Bridges and buildings can be designed to have 100-plus year lifespans, meant to last long into the future. Often, the building codes focus on at historical conditions that don’t account for more frequent storms or heavier precipitation that infrastructure will face in the future. What happens when these structures face the flooding and temperatures projected for future climate conditions?
“As those costs increase, I question whether or not design professionals and their insurers will have a target on their back to try and find a pool of money to pay for some of those climate impacts,” said Bill Franczek, an attorney who specializes in construction law.
Franczek and a panel of speakers addressed the question of climate liability — for the private sector, local government, and state government — during the Virginia Coastal Policy Center’s fall webinar series last year. Recently, major project designs like the Hampton Roads Bridge Tunnel expansion have accounted for sea level rise, and the Virginia Department of Transportation has adopted stricter bridge standards than many other states. But as climate impacts become more pronounced, merely meeting standards may not hold up as a defense in court, Franczek said. Largely, climate-related disputes of negligence or foreseeability haven’t been tested in court.
Sea level rise and land subsidence also pose challenges for road construction and maintenance. One study estimated that relative sea level rise and tidal flooding could impact roughly 545 miles of road in Coastal Virginia within the next 20 years, and almost 1,800 miles of road by 2080. Trip Pollard, leader of the Southern Environmental Law Center’s Land and Community Program, said state and local governments have started to recognize climate change’s threat to transportation. Sovereign immunity protects the Commonwealth of Virginia from most liability for roads, Pollard said. Cities and towns are only protected from liability while exercising functions for the public good — their other proprietary functions are not protected.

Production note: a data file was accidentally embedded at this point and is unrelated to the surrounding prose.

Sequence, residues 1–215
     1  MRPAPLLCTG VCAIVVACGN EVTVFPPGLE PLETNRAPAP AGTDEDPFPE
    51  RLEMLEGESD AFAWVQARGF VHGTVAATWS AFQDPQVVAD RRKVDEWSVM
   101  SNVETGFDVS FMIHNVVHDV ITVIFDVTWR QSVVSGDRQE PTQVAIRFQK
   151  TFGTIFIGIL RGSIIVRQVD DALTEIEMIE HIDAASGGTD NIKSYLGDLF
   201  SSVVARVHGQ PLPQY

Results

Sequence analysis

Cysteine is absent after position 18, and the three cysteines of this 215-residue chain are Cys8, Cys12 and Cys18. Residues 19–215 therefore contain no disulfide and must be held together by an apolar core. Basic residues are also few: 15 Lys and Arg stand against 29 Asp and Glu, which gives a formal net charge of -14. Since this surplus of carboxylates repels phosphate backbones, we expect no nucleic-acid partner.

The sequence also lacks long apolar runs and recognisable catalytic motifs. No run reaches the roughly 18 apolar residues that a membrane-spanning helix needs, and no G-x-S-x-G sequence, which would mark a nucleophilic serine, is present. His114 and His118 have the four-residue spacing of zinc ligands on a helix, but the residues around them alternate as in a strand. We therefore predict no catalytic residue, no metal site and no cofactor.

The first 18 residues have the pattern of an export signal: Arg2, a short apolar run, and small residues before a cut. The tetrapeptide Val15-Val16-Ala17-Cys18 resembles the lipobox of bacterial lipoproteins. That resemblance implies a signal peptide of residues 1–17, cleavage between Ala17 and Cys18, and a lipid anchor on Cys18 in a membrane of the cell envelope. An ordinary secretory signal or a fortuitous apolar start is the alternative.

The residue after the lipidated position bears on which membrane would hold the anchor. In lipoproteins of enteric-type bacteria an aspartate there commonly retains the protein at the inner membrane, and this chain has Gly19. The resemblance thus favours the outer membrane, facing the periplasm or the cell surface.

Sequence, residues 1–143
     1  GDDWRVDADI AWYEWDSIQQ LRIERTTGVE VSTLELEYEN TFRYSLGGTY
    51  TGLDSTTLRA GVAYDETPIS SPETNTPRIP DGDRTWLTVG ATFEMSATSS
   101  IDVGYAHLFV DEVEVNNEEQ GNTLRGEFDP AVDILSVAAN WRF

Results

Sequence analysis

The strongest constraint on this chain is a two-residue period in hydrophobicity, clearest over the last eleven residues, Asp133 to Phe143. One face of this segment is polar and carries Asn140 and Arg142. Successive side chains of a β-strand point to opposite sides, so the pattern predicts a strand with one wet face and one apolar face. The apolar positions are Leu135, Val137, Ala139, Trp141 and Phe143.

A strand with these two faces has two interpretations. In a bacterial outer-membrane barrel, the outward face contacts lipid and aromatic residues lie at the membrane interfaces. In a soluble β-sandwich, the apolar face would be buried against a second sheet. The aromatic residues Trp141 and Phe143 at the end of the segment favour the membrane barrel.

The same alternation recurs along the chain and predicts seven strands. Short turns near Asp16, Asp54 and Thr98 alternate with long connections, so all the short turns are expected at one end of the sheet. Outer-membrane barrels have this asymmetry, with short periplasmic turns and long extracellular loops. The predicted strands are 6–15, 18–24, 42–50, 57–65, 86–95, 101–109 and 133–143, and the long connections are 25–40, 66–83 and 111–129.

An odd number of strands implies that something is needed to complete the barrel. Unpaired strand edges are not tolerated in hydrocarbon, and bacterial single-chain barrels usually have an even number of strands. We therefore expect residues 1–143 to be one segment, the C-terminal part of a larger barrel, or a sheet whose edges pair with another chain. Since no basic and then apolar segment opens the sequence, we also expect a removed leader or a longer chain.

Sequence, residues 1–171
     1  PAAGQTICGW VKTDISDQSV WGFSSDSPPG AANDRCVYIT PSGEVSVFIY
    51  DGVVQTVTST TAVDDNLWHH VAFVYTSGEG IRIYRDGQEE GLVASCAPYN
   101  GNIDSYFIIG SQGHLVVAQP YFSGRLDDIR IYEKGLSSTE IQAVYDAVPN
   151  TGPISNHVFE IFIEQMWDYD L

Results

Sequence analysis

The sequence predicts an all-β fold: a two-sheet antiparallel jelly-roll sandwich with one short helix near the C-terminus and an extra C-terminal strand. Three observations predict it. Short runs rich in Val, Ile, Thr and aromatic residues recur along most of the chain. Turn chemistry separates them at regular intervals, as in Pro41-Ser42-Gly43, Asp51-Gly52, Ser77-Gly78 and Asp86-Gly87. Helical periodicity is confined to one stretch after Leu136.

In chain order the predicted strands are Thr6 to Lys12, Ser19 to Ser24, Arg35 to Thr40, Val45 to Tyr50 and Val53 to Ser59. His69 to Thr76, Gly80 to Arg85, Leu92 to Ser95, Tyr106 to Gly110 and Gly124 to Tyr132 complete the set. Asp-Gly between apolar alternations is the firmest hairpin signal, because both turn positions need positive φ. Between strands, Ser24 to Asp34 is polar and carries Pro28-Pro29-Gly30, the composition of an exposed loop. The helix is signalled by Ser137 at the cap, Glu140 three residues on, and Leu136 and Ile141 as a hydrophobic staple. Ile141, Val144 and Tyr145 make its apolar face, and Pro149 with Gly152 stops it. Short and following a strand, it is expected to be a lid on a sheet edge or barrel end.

“This can become a very fine line to try and draw,” Pollard said. “Street planning and design have been determined, for example, to be governmental functions that are immune, whereas routine maintenance of streets has been determined by the Virginia Supreme court to be proprietary, and not immune.”
Some localities, such as the City of Virginia Beach, have addressed the problem by creating more stringent stormwater regulations for their public works standards. Kay Wilson, Deputy City Attorney for Land Use in Virginia Beach, said city residents became more concerned with stormwater management after Hurricane Matthew left some houses in the city with 2.5 feet of flooding. Over the past few years, the city has also created a comprehensive sea level rise plan to manage flooding.
A second webinar featured a legislative panel with updates on resilience-focused legislation and efforts within Governor Northam’s administration, such as Virginia’s entry into the Regional Greenhouse Gas Initiative, which will generate funds for the Virginia Community Flood Preparedness Fund.
While Virginia’s Coastal Resilience Master Plan will identify priorities for coastal resilience, and additional funding is available through FEMA’s Building Resilient Infrastructure and Communities (BRIC) program, communities will still have to make difficult decisions about projects and their maintenance. But the projects that are selected will pay off — each dollar of preventative resilience creates a $4-11 return on investment, according to Pamela Williams, executive director of the BuildStrong Coalition. Williams spoke during a webinar focused on financing resilience projects.
“This makes business sense. This makes community sense,” Williams said. “Resilience is not something only the government can handle… there are people at the table today, including the public financing folks, that have never been robustly engaged in conversation. That is truly going to help us leverage federal investments in creative ways that were never before contemplated.”
During the webinar, the city manager of Alexandria, Virginia, shared the local government challenges of financing resilience projects, and how the city encouraged the private sector to invest in building resilience. Panelists representing the insurance and banking industries, local government, and private sector discussed strategies and tools local governments can use to finance resilience projects.
Recordings of all three webinars in the series can be found here at the Virginia Coastal Policy Center’s website.
Photos by Aileen Devlin | Virginia Sea Grant
Published February 19, 2021.
"This makes business sense. This makes community sense,” Williams said. “Resilience is not something only the government can handle."